If the flag bits are 11, then it takes the next byte, expands it into
4, and then repeats it 1 to 64 times.  This is like generic RLE but
with a repeat count of 4, 8, 12, etc.  Note that by combining this
with the repeat counts of 3/5/6/7 above you can represent any run of 3
or more characters (now does it make sense?).

I'm not going to describe the interface.  I will say that, ON PAIN OF
DEATH, you MUST read IIgs Tech Note #094, "Packing It In (and Out)" if
you plan to use these routines.  It explains some common mistakes and
some bugs in the routines.


Does PackBytes do better than generic RLE?  Sure looks that way.  By
merging the length byte and all but doing away with the escape codes,
it reduces the amount of excess garbage we need to output.  However,
shaving one byte here and there doesn't really amount to much, and the
added complexity of the algorithm makes for a rather unpleasant speed

One place where it DOES do well is for handling patterns of two or
four bytes.  If your goal is to compress English text, you will not
see an improvement.  If you are compressing a big pile of identical
two or four-byte integers, this will help quite a bit.

How much can it expand a file?  By one byte for every 64.  This is far
better than RLE's worst case.

Note that I don't think I've ever actually used PackBytes, because the
interface is kind of annoying unless you know how big the data will
get before you start to uncompress it.

There's no sample code which uses it.  A brief (but sort of icky)
sample program appears in the toolbox ref; it's probably worth staring
at it just to see how it works.

-=O=-     Differential

And now for something completely different.

Differential encoding does not make the data any smaller.  Thus, it
isn't really a "compression" scheme in itself; rather it is a way of
modifying the data so that a compressor can make more sense of it.

Switching back to theory mode for a moment, differential encoding
techniques try to change the nature of the data so that the entropy
with respect to a particular model is lower.  The techniques described
here are very simple, but the ideas behind them are powerful and crop
up now and again.


Let's start with a simple example: digitized sound files.  Your basic
system beep is a digital representation of analog data which tends to
have a wave-like nature.  This means that it is rare to see a long
series of identical values; more likely you will see a series of
increasing values followed by a series of decreasing values.

To most compressors, this looks like random garbage.  There are few
identifiable patterns, and the distribution of values is relatively
flat when compared to something like English text.

However, a series of ascending values may be part of a straight line
in the wave, so each is higher than the last by a fixed increment.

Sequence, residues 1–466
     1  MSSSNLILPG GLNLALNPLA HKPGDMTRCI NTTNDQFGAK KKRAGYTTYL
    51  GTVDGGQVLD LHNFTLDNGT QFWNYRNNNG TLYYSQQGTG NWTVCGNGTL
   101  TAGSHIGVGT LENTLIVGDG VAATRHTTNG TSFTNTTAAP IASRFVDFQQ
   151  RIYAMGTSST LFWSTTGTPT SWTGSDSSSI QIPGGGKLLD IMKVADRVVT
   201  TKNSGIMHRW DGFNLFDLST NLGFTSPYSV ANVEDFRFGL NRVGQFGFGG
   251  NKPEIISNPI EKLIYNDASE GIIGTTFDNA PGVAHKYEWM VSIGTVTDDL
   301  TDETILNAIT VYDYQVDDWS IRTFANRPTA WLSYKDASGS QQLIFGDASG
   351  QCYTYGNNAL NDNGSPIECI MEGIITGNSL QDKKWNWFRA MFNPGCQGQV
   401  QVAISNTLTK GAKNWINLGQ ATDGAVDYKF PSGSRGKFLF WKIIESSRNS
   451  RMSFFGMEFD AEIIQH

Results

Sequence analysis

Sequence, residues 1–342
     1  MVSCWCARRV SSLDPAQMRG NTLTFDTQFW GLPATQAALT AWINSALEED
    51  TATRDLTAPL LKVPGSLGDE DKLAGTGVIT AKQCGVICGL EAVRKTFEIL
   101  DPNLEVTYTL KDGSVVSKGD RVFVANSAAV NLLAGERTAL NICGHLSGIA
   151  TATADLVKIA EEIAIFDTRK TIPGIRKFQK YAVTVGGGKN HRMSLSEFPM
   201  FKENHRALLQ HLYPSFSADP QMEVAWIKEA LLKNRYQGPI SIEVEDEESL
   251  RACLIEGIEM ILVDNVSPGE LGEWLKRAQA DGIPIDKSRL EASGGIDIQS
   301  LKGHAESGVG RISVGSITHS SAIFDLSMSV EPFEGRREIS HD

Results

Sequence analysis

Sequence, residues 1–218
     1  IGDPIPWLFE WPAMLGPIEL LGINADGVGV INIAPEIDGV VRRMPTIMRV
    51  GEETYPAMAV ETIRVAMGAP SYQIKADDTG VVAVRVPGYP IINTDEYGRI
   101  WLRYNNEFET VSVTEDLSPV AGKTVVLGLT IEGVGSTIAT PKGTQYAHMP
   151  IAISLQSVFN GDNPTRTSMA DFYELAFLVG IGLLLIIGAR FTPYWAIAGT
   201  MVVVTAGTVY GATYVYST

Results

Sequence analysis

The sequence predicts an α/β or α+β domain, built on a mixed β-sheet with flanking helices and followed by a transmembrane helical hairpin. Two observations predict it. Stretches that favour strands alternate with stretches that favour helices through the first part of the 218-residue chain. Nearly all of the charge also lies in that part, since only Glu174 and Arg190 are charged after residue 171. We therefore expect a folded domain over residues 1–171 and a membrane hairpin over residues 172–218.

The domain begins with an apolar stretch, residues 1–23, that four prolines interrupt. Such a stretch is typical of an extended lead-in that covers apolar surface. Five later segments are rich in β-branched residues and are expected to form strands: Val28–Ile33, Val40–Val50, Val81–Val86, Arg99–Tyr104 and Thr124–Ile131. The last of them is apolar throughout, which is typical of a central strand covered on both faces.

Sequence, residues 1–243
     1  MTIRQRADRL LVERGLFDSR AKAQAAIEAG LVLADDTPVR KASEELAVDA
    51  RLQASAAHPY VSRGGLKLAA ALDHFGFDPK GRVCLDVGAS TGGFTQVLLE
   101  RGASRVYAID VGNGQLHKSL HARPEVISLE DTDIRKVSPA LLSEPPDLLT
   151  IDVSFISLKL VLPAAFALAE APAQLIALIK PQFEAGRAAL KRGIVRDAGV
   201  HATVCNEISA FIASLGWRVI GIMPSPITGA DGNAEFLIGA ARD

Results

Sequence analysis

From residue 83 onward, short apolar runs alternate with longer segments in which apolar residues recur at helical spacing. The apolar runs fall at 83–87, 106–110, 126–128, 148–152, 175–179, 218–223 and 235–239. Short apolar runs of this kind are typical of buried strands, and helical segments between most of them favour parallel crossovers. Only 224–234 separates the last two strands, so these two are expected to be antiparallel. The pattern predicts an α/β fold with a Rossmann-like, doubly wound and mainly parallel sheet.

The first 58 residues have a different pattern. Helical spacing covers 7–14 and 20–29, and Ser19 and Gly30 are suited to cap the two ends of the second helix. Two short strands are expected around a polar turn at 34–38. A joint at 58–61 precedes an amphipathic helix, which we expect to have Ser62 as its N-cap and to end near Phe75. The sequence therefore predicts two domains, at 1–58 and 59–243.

This suggests that if we could compress the slope instead of the
points, we might get somewhere.

The easiest way to do this is by storing the DIFFERENCE between the
current value and the last one.  So if the input were:

     5  3  5  8  10  12  13 15

the output would be:

     5 -2  2  3   2   2   3  2

Because each point in the digitized waveform is related to its
neighbors (assuming a continuous wave), the difference between
adjacent points will tend to be small.  We can run the new data
through a Huffman encoding pass (which encodes frequent symbols in
fewer bits, infrequent symbols in more bits) and get significantly
better compression than we could have achieved without the
differential pass.  Since the values tend to cluster near zero,
Huffman will have a probability distribution over a small area instead
of one spread almost linearly over all 256 values.

However, life is not a bed of roses.  Or even geraniums.  Digitized
sound tends to have a lot of noise, which produces discontinuities in
the waves.  A noisy sample will end up having large, sudden shifts in
values (audible "pops"), and the output of the differential encoder
will have a wider range of values, causing Huffman to do poorly.


If you take a look at the sample differential output above, you will
note that they're all rather small.  Suppose you had this bright idea
that you could represent the values in exactly 4 bits.

This has the dramatic effect of cutting your sound file in half.  You
are guaranteed to get exactly 50% compression; why let Huffman have
all the fun?  However, there's one small problem: what do you do when
the next value exceeds the possible range?

Enter lossy compression.  Lossy compression differs from lossless
compression in that the compressed data does not need to be an exact
representation of the source data.  This sort of thing would be
unacceptable for English text (although the Cliff's Notes people
haven't suffered noticeably), but for digitized sound samples it's
perfectly acceptable.

You can drastically alter a sound file without making changes
detectable by the casual observer - slight changes in pitch, the
addition or removal of a faint click, etc.  Putting a limit on the
difference might actually remove some of the excess noise from a

Still, a range of -8 to +7 or so isn't very much for 8-bit sound.
Most likely we would end up flattening the waves, ending up with a
rather muffled, lifeless noise.  We can do better.


Suppose that, instead of storing the difference between this byte and
the next, we stored the difference between where we PREDICT the next